Conclusion

In conclusion, the term “geographic atrophy” without further description appears to be currently used all too frequently in ways other than to further classify the degeneration in question. The historical perspective of the introduction and development of the term is helpful in reviewing its current inconsistent usage. Further, it underscores the need for a more prudent application of the term “geographic atrophy” in today's world of ophthalmology, which is characterized by major advances in retinal imaging and in therapeutic approaches along with a better understanding of disease manifestations and classifications such as the identification of various genetic factors. The need for a more rational approach to the nomenclature and classification of atrophic AMD is clearly evident - not only for research and the development of further therapeutic strategies, but also for patient management in routine clinical care.


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  42. Klein R, Davis MD, Magli YL, Segal P, Klein BE, Hubbard L: The Wisconsin age-related maculopathy grading system. Ophthalmology 1991;98:1128-1134.
  43. Age-Related Eye Disease Study Research Group: The Age-Related Eye Disease Study system for classifying age-related macular degeneration from stereoscopic color fundus photographs: the Age-Related Eye Disease Study Report Number 6. Am J Ophthalmol 2001;132:668-681.
  44. Klein R, Meuer SM, Knudtson MD, Klein BE: The epidemiology of progression of pure geographic atrophy: the Beaver Dam Eye Study. Am J Ophthalmol 2008;146:692-699.
  45. Sunness JS, Bressler NM, Tian Y, Alexander J, Applegate CA: Measuring geographic atrophy in advanced age-related macular degeneration. Invest Ophthalmol Vis Sci 1999;40:1761-1769.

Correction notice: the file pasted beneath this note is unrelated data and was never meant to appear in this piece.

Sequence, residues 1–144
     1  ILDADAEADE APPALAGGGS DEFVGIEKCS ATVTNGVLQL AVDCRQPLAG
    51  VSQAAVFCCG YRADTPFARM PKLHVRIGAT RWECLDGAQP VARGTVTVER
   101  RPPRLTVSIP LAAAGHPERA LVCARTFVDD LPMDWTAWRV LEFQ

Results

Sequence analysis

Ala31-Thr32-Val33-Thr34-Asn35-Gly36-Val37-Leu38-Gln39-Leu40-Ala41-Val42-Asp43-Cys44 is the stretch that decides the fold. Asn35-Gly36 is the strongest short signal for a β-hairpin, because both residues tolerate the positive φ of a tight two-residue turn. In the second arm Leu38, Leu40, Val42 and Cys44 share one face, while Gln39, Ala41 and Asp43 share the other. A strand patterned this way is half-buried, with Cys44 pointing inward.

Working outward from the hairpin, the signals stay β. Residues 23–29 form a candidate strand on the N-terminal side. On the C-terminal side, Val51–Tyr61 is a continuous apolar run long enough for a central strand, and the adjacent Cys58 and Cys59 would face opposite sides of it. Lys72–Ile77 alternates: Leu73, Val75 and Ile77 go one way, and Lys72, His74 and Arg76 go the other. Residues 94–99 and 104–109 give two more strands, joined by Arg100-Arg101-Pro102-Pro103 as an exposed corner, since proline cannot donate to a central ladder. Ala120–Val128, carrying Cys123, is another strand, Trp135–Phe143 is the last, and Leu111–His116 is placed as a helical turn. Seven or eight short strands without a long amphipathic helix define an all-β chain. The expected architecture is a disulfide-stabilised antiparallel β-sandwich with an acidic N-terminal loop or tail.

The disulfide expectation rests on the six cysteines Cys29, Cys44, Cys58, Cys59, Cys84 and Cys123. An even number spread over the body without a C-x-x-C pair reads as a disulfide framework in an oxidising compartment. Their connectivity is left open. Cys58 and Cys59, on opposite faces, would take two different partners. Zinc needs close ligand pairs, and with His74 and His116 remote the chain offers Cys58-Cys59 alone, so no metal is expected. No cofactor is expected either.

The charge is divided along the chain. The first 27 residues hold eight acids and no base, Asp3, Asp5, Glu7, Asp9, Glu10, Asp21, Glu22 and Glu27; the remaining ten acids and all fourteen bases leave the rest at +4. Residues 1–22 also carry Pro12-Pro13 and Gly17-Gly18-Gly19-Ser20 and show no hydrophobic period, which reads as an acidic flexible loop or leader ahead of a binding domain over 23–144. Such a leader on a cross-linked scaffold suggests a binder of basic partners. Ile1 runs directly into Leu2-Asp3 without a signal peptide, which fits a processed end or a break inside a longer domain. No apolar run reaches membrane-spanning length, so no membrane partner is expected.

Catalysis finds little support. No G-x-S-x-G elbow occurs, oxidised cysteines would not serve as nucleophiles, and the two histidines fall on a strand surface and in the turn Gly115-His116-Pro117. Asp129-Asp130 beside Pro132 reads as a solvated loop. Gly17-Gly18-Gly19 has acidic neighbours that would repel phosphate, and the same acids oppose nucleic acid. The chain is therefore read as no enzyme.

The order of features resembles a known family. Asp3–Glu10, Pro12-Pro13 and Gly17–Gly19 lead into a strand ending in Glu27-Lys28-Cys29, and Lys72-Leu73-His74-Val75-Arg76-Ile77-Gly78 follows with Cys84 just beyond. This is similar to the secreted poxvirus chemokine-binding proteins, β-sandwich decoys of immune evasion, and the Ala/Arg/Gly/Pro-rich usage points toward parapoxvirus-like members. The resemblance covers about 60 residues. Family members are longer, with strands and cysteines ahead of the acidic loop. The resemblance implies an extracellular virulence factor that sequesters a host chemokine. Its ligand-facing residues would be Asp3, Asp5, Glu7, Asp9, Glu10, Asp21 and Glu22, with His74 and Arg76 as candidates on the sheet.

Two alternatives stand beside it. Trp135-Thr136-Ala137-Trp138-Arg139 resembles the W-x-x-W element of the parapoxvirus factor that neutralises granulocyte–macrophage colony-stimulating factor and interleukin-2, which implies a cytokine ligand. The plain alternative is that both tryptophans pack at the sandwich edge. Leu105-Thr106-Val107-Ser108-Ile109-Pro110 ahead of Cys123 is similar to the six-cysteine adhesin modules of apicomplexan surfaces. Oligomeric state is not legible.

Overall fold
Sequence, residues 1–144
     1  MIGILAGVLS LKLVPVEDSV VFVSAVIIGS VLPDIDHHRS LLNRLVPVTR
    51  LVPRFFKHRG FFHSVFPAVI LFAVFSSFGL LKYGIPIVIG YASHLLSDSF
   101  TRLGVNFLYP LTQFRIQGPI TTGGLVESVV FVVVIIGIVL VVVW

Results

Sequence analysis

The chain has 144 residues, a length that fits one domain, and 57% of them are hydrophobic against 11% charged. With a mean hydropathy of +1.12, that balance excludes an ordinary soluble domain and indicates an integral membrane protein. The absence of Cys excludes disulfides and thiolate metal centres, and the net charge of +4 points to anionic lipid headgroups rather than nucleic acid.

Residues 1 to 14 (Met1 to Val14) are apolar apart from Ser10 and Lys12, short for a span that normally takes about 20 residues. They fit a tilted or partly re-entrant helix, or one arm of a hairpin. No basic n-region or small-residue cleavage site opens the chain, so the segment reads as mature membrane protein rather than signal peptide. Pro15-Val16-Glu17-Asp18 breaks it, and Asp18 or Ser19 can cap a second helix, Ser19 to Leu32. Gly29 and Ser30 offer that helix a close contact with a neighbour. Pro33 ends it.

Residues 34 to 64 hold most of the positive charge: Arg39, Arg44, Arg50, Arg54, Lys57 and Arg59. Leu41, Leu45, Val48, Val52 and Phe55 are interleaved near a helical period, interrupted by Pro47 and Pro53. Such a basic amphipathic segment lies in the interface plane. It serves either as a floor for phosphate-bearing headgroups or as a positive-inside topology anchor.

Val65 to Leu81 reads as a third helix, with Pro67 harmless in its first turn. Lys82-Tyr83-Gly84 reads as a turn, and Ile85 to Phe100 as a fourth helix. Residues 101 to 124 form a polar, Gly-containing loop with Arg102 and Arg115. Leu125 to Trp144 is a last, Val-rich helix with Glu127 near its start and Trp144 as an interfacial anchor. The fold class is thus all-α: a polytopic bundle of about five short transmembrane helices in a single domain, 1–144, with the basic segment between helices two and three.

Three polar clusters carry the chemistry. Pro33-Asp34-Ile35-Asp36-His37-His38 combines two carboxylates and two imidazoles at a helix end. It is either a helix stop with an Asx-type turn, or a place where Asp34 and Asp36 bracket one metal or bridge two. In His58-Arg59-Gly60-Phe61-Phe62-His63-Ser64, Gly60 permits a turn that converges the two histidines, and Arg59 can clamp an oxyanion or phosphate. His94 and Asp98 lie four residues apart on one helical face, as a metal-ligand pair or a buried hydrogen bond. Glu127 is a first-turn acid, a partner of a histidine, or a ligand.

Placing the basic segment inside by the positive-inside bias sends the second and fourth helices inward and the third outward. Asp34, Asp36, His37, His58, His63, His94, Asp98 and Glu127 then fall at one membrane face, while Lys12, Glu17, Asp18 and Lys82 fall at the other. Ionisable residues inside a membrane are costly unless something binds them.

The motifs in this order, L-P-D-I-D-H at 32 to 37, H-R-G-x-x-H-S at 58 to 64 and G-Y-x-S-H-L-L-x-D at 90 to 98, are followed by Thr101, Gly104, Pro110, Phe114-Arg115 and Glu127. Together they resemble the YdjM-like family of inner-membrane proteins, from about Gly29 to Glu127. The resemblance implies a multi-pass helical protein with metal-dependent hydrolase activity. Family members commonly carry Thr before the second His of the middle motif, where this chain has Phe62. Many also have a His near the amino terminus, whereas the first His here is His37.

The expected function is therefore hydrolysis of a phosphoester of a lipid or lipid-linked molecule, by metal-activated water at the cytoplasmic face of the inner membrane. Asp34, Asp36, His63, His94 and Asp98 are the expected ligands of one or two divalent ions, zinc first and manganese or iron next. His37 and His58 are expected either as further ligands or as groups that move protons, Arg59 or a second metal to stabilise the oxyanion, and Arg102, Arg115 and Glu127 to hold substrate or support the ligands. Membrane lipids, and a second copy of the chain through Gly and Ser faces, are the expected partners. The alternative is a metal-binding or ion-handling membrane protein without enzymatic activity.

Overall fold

46. Danis RP, Domalpally A, Chew EY, Clemons TE, Armstrong J, SanGiovanni JP, Ferris FL 3rd: Methods and reproducibility of grading optimized digital color fundus photographs in the Age-Related Eye Disease Study 2 (AREDS2 Report Number 2). Invest Ophthalmol Vis Sci 2013;54:4548-4554.
  47. von Ruckmann A, Fitzke FW, Bird AC: Distribution of fundus autofluorescence with a scanning laser ophthalmoscope. Br J Ophthalmol 1995;79:407-412.
  48. Schmitz-Valckenberg S, Jorzik J, Unnebrink K, Holz FG: Analysis of digital scanning laser ophthalmoscopy fundus autofluorescence images of geographic atrophy in advanced age-related macular degeneration. Graefes Arch Clin Exp Ophthalmol 2002;240:73-78.
  49. Deckert A, Schmitz-Valckenberg S, Jorzik J, Bindewald A, Holz FG, Mansmann U: Automated analysis of digital fundus autofluorescence images of geographic atrophy in advanced age-related macular degeneration using confocal scanning laser ophthalmoscopy (cSLO). BMC Ophthalmol 2005;5:8.
  50. Schmitz-Valckenberg S, Brinkmann CK, Alten F, Herrmann P, Stratmann NK, Göbel AP, Fleckenstein M, Diller M, Jaffe GJ, Holz FG: Semiautomated image processing method for identification and quantification of geographic atrophy in age-related macular degeneration. Invest Ophthalmol Vis Sci 2011;52:7640-7646.